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FREETake Me Home VOL. 13, NO. 41 OCTOBER 17, 2014From the Beaches to the River District downtown Fort MyersRead Us Online at IslandSunNews.com Puppets, New Game App Are Highlights Of Ding Family Fun DaySunday Family Fun Day kicks off the 25th annual Ding Darling Days at JN Ding Darling National Wildlife Refuge on October 19. The refuge and Ding Darling Wildlife Society-Friends of the Refuge (DDWS) have planned a free daycontinued on page 6 Kids love the live animal presentations at the refuges free Family Fun Day Live Bluegrass Music In The Theater At The Alliance The Acoustic Music Society of Southwest Florida will present three hours of live bluegrass music in the theater at the Alliance for the Arts on Sunday, October 19 from 2 to 5 p.m. The concert will feature Beargrass Bluegrass, Larry Wilson & Thunder Mountain Railroad, and Swinging Bridge. Tickets are $8 at the door, or $6 for Alliance members. Seating is open and first come, first served. Children 12 and under are free if accompanied by an adult. Presale tickets are not available. Doors open at 1:30 p.m. Visit www.ArtInLee.org or call 939-2787 for more information. The Sunday afternoon concert series continues on November 16 and December 14, and will continue in 2015. The Alliance for the Arts is at 10091 McGregor Boulevard, just south of Colonial Boulevard in Fort Myers. Larry Wilson & Thunder Mountain Railroad Symphony Youth Orchestra Holds Concert The Southwest Florida Symphony Youth Orchesta, will hold its annual Assisting The Generations Concert on Sunday, October 19 starting at 3:30 p.m. at The Heights Center, located at 15570 Hagie Drive in Fort Myers. Performances will be given by the youth orchestras Sinfonietta, its Chamber Ensembles and its Concert Orchestra. Tickets are $10 for adults and $5 for students. Proceeds from this concert benefit the Southwest Florida Symphony Youth Orchestra Program and Friendship Centers of Lee County. Concert patrons are encouraged to bring canned food or non-perishable food items to the concert to be donated to the Friendship Center. Friendship Centers provide prepared meals and groceries to needy Lee County senior citizens. Originally called the Palm Coast Youth Symphony, the Southwest Florida Symphony Youth Orchestra program is a talented group of auditioned young musicians trained by professional musicians of the Southwest Florida Symphony Orchestra. It began as an organization that afforded young people in the greater Fort Myers area the opportunitycontinued on page 16 Southwest Florida Symphony Youth Orchestra member New Play Contest Fundraiser November 1 At Foulds TheatreTheatre Conspiracy will host the 4th annual New Play Contest Fundraiser on Saturday, November 1 at 7 p.m. at the Foulds Theatre in Fort Myers. The evening will consist of a preshow reception at 7 p.m. featuring food, wine and drink. Following the reception at 8 p.m., there will be selected readings from the top three plays of Theatre Conspiracys 16th annual New Play Contest. After the readings, there will be a talk-back with producing artistic director Bill Taylor and the audience willcontinued on page 16 Cast of the Theatre Conspiracy production of Betrayal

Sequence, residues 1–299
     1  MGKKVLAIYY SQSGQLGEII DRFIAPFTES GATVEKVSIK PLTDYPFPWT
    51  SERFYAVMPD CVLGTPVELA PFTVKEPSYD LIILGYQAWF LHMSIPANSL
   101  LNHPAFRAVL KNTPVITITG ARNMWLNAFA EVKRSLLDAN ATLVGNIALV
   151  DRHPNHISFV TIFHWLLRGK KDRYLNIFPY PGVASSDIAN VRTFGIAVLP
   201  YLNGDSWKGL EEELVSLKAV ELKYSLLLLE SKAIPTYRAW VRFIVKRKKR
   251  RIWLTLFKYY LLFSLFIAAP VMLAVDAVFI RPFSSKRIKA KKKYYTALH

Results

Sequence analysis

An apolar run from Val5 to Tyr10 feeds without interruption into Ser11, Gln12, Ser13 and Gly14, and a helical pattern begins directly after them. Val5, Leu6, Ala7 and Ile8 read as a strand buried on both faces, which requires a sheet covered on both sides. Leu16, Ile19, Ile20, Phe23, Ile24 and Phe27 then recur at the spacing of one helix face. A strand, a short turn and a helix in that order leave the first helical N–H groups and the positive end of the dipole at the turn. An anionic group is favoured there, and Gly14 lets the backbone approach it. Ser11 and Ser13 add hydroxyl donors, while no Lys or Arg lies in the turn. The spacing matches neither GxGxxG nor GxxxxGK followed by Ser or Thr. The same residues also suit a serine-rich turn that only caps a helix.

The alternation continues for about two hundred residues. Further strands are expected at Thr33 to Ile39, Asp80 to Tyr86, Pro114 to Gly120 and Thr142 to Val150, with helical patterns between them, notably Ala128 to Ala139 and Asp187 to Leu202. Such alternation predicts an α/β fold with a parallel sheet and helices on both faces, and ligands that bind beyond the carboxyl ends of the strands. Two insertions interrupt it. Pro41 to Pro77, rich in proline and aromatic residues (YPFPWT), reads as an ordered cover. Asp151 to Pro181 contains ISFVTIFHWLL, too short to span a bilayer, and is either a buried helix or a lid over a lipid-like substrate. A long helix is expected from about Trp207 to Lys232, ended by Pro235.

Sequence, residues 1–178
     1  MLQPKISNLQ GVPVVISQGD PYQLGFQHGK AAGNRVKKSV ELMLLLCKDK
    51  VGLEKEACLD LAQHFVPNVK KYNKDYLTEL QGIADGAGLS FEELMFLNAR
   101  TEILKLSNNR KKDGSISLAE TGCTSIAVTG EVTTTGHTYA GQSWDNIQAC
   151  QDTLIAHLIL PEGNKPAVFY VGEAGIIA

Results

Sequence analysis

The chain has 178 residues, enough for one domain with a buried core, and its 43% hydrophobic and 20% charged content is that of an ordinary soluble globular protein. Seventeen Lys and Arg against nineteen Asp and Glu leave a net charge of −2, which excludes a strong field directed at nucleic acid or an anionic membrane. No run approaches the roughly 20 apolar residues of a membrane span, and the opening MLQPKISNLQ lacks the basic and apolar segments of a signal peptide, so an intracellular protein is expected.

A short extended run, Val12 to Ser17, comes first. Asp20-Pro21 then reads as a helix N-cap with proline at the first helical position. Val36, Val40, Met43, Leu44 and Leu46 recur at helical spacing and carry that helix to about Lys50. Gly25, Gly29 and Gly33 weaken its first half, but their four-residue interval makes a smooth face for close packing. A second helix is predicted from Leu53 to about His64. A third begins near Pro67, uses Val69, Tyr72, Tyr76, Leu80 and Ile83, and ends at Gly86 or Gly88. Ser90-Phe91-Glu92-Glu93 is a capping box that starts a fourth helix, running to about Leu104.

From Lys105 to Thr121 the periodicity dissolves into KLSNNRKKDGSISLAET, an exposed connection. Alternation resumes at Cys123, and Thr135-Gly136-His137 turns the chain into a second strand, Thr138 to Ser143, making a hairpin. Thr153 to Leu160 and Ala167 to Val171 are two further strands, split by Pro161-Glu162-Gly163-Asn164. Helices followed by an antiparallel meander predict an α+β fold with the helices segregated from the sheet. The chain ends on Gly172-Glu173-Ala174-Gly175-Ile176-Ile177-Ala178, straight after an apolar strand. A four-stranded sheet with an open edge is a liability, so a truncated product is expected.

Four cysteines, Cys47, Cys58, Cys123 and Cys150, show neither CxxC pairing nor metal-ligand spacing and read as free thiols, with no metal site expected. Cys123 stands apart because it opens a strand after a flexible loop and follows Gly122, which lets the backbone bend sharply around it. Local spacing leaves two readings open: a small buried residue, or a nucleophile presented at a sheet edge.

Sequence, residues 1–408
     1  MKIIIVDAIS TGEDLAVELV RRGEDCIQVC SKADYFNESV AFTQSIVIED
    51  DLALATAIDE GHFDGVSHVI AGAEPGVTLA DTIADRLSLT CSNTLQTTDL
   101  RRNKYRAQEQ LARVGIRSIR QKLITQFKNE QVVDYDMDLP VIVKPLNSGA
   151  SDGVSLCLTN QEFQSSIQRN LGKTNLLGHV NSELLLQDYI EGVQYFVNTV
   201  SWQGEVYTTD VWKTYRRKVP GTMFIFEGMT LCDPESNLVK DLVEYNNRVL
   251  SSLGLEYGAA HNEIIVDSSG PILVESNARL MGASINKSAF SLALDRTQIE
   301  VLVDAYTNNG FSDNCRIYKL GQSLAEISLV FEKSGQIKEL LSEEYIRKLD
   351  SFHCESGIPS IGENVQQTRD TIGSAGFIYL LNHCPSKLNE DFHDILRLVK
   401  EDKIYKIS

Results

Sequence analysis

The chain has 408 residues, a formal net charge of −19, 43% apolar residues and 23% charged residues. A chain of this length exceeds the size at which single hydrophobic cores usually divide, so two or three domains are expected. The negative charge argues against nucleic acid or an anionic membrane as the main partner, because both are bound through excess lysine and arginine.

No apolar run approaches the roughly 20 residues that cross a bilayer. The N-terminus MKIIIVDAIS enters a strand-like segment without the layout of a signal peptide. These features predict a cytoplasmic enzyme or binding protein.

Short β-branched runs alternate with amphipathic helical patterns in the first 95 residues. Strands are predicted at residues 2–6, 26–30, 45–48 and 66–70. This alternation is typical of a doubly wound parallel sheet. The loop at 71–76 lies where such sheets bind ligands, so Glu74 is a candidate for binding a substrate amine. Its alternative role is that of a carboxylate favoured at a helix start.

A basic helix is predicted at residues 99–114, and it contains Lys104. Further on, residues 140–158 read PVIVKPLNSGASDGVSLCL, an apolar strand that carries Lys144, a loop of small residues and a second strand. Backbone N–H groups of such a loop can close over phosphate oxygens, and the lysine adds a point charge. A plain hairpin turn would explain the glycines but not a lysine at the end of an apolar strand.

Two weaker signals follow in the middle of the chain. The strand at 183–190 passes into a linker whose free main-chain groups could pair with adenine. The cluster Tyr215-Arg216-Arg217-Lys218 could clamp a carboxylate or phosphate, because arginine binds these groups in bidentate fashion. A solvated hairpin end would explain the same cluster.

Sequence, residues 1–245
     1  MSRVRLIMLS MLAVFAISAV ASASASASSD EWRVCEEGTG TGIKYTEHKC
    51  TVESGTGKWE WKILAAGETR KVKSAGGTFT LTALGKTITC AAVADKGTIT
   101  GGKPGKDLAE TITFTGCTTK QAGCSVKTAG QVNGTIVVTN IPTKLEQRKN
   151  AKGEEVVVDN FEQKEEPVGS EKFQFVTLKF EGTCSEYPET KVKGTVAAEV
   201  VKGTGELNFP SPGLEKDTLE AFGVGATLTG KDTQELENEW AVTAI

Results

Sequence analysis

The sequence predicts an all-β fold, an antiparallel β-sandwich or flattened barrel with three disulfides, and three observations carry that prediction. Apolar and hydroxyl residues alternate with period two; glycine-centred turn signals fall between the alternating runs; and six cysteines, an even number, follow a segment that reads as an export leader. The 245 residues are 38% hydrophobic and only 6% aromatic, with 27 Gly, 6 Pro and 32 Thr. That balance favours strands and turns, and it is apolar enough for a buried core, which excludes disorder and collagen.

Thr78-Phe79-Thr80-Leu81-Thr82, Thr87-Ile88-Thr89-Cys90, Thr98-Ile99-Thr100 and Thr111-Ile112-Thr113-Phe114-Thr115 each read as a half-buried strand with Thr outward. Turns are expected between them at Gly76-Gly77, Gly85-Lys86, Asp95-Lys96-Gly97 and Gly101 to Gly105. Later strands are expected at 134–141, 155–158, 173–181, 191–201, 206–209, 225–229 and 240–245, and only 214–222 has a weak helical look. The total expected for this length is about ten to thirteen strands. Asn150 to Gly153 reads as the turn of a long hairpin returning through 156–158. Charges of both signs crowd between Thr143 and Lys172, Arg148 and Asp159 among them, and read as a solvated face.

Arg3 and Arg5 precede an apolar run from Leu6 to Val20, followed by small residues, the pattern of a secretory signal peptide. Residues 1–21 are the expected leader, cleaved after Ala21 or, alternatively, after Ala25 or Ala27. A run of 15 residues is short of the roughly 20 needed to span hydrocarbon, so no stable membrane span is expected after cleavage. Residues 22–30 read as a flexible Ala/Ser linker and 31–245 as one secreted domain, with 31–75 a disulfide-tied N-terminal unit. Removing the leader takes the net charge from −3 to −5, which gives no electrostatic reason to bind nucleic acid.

THE RIVER OCTOBER 17, 20142 Historic Downtown Fort Myers, Then And Now: Flower Industry Flourishedby Gerri Reaves, PhDEver wonder about the name origins of Gladiolus Drive and A&W Bulb Road? Those two names are linked to one of the most productive and profitable industries that Lee County ever had. Cut flowers were once big business, and colorful fields of glads seemed to stretch forever. In fact, in the 1930s, Lee County was known as the Gladiolus Capital of the nation, and in the 1940s, the flower became a big money maker. Gladioli were the biggest portion of the market, but other flowers, including chrysanthemums, were important too. Flowers brokers offices were plentiful in downtown Fort Myers, and countless shipments left there via rail. By 1960, local concerns such as A&W Bulb Company and Norman Cox and Company were air-freighting gladioli from Page Field. A couple of statistics hints at the industrys economic importance and rapid growth in the mid-20th century. In May 1950, the Lee County gladiolus industry reported its best season ever, $3 million income. By spring 1965, flower growers valued a record harvest at over $96 million. Craig Green remembers the heyday of the industry very well. In the 1960s and early 1970s, his father, Jerry Green, was the terminal manager for the Florida Flower Growers Association and later a packinghouse manager for Zipperer Farms. There were six major growers during those years, Green says, and much of the land south of Colonial Boulevard and much acreage in Iona, Lehigh Acres and Immokalee were swathes of gladioli. The 1960s airline photo is from his family collection. Green is not sure if the photo was taken at Page Field in Fort Myers or in Miami, but its typical of photos the association would take during the annual convention held in Miami. Eastern Airlines was the associations carrier for a long time, and his father brought him promotional items such as airlines bags and mini-airplanes from the event. During the 1960s, the associations distribution stretched from Florida to Los Angeles, Minneapolis, Denver, New York and other cities. From New York, flowers were distributed to Europe.While Miami was the main hub, Fort Myers and Tampacontinued on page 13 The River Weekly News will correct factual errors or matters of emphasis and interpretation that appear in news stories. Readers with news, tips, comments or questions, please call (239) 415-7732 or write to: The River Weekly News, 1609 Hendry Street, Suite 15, Fort Myers, FL 33901. Fax number: (239) 415-7702. E-mail: firstname.lastname@example.org. The River Weekly News reserves the right to refuse, alter or edit any editorial or advertisement.Independently Owned And Operated COPYRIGHT 2014 The River Weekly News LORKEN Publications, Inc.Co-Publishers Lorin Arundel and Ken Rasi Advertising Sales Isabel Rasi George Beleslin Office Coordinator Patricia MolloyGraphic Arts/ProductionAnn Ziehl Kristy See Rachel Atkins Photographer Michael Heider Writers Gerri Reaves, Ph D Anne Mitchell Jeff Lysiak PRINTED ON RECYCLED PAPER Contributing Writers Read Us Online: www.IslandSunNews.com Click on The River Jennifer Basey Kimberley Berisford Suzy Cohen Justen Dobbs Ed Frank Max Friedersdorf Priscilla Friedersdorf Jim George Shelley Greggs Tom Hall Dr. Dave Hepburn Audrey Krienen Capt. Matt Mitchell Patricia Molloy Di Saggau This 1960s promotional photo shows a shipment of boxes labeled Florida Gladiolus, FreshCut Flowers. Glads shipped by air were destined to major U.S. cities and Europe. courtesy of the Southwest Florida Historical Society (Donation of Craig and Sandy Green) In 1947, workers at Palmasola Gardens in Iona process gladioli for shipment courtesy of the Florida State Archives